What happens immediately after the transplant surgery?

Following surgery, children are moved to a recovery room for a few hours before moving to their room in the Intensive Care Unit. Depending on the transplant center, parents may be able to join their child in the recovery room. Otherwise, parents can meet their child in the ICU. Visiting rules also vary, but immediate family are generally allowed access to the patient in small numbers just hours after the surgery. The length of time spent in the ICU will also vary, depending on the center and situation for that particular child. As with any surgery, it may take some time for the child to be clear and able to communicate and certainly pain medications will already be started so there should not be any immediate issues with comfort.

How long do children stay in the hospital after a transplant?

Typically, children remain in the hospital for about one week after a kidney transplant. Some children require more time to recover.

What happens during the hospital stay?

While hospitalized, the child will have a central line catheter in place for blood work and administering certain medications. If the child was on hemodilaysis before the transplantation, the hemodialysis catheter will be used for that purpose. A urinary catheter will also be in place for about five days. Daily blood tests will also be required. (The first two days after the transplant, blood tests may be necessary several times a day.) During recovery, as the discomfort around the incision lessens, the child can move around more and gradually return to normal activities.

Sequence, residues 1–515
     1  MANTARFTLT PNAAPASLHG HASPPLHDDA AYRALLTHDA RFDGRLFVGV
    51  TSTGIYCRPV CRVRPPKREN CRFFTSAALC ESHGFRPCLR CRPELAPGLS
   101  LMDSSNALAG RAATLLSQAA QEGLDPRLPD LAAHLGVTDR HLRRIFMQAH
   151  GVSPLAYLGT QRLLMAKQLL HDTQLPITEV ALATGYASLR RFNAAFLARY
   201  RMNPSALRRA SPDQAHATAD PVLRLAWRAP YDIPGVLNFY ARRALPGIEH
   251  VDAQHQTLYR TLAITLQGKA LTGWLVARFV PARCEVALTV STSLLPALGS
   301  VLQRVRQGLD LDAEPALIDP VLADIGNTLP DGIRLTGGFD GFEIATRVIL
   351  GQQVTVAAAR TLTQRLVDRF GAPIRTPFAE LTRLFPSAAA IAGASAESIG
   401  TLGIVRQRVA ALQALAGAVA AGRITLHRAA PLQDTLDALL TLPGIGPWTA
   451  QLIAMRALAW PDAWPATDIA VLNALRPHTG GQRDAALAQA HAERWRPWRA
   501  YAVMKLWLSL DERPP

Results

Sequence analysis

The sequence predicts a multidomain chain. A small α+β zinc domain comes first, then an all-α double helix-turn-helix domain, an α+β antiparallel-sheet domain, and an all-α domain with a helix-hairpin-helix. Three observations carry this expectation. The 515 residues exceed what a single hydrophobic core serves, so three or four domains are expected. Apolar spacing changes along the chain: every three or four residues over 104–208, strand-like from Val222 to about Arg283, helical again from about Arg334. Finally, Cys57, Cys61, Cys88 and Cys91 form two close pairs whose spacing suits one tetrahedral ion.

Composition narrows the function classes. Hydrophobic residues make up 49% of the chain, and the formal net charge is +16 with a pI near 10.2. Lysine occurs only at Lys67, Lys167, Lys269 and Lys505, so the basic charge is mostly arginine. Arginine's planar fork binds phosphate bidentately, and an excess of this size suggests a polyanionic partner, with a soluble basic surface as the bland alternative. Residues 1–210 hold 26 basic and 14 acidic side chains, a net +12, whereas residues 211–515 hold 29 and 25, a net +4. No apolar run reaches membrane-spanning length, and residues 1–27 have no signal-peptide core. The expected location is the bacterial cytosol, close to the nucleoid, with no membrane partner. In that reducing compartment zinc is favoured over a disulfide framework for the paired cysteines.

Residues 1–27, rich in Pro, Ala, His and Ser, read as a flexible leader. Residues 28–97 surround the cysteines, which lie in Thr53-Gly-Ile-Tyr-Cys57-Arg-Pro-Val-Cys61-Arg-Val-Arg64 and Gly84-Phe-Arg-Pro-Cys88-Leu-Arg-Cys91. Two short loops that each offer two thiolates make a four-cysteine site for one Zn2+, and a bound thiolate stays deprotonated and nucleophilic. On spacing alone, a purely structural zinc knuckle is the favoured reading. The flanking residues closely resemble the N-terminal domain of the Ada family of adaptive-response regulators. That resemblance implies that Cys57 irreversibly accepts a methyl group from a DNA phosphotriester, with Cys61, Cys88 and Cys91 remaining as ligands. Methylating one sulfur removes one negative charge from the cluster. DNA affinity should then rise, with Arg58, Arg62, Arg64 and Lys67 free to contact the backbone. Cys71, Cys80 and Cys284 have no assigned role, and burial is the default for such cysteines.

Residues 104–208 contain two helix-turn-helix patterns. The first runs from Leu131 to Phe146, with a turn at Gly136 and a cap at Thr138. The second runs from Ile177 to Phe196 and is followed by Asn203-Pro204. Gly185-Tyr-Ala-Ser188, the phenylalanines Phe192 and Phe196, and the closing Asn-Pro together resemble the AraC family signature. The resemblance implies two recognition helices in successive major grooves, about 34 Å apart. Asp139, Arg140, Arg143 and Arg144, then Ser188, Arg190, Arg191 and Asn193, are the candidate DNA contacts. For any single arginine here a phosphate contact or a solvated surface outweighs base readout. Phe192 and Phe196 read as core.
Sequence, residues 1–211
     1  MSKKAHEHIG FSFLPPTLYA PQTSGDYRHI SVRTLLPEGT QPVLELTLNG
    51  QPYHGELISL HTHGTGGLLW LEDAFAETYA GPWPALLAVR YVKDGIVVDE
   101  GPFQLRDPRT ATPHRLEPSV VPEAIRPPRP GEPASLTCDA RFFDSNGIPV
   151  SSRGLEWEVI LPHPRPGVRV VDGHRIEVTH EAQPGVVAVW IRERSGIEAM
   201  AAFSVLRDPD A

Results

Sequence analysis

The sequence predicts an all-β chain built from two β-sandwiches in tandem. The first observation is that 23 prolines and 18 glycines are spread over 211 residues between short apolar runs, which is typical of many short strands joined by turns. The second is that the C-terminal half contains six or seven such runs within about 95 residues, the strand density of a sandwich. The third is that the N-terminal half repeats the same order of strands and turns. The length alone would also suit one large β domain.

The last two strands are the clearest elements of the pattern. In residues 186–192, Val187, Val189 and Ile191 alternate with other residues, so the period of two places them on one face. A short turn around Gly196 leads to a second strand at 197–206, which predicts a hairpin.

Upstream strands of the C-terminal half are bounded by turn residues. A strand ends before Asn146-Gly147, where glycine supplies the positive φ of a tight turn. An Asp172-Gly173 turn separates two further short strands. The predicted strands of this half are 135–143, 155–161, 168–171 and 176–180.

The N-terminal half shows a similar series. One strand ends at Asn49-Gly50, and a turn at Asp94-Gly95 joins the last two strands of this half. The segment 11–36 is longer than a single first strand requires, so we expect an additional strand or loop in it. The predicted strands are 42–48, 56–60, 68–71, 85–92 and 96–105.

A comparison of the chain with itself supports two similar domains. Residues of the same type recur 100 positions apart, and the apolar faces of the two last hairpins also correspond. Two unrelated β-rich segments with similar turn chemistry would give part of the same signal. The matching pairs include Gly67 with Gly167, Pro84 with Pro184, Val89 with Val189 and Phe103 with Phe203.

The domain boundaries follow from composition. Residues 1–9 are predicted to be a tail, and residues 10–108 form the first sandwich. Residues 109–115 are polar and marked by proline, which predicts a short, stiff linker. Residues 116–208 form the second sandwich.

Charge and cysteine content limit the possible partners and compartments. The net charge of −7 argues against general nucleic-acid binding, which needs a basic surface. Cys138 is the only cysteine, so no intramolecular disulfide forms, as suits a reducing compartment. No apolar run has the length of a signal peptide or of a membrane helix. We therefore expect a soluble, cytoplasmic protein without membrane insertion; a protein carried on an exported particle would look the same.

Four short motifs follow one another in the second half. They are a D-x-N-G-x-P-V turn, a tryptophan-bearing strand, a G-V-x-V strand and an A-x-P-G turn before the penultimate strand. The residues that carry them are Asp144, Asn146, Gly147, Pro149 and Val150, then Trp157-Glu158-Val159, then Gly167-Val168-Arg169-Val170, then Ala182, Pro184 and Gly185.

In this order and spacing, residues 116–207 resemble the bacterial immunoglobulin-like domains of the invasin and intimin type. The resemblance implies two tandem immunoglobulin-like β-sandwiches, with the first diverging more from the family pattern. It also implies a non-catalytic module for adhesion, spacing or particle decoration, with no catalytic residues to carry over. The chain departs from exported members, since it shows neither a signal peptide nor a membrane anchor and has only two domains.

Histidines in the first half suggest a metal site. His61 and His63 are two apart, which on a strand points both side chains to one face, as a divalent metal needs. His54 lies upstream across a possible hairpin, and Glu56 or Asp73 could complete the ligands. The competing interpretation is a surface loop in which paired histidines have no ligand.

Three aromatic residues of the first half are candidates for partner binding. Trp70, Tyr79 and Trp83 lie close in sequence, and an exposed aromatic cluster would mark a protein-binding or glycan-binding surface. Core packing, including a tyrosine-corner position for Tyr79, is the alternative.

In most cases, the child can get out of bed and take short walks the day after surgery. Pain medications will change once the child is past the immediate recovery stage and will be closely watched to ensure the child does not have to endure too much discomfort. Water and then food are slowly introduced. Nurses will assist the child with daily walking and deep breathing exercises, which are an important part of the recovery period. Different members of the transplant team will also help the child and family members learn more details about the medications needed to prevent the transplanted kidney from rejection. Some children may require dialysis after the transplant until the new kidney functions properly. This is more common with deceased donor kidneys than with living kidneys.






Number of kidney transplants performed in the United States. Learn More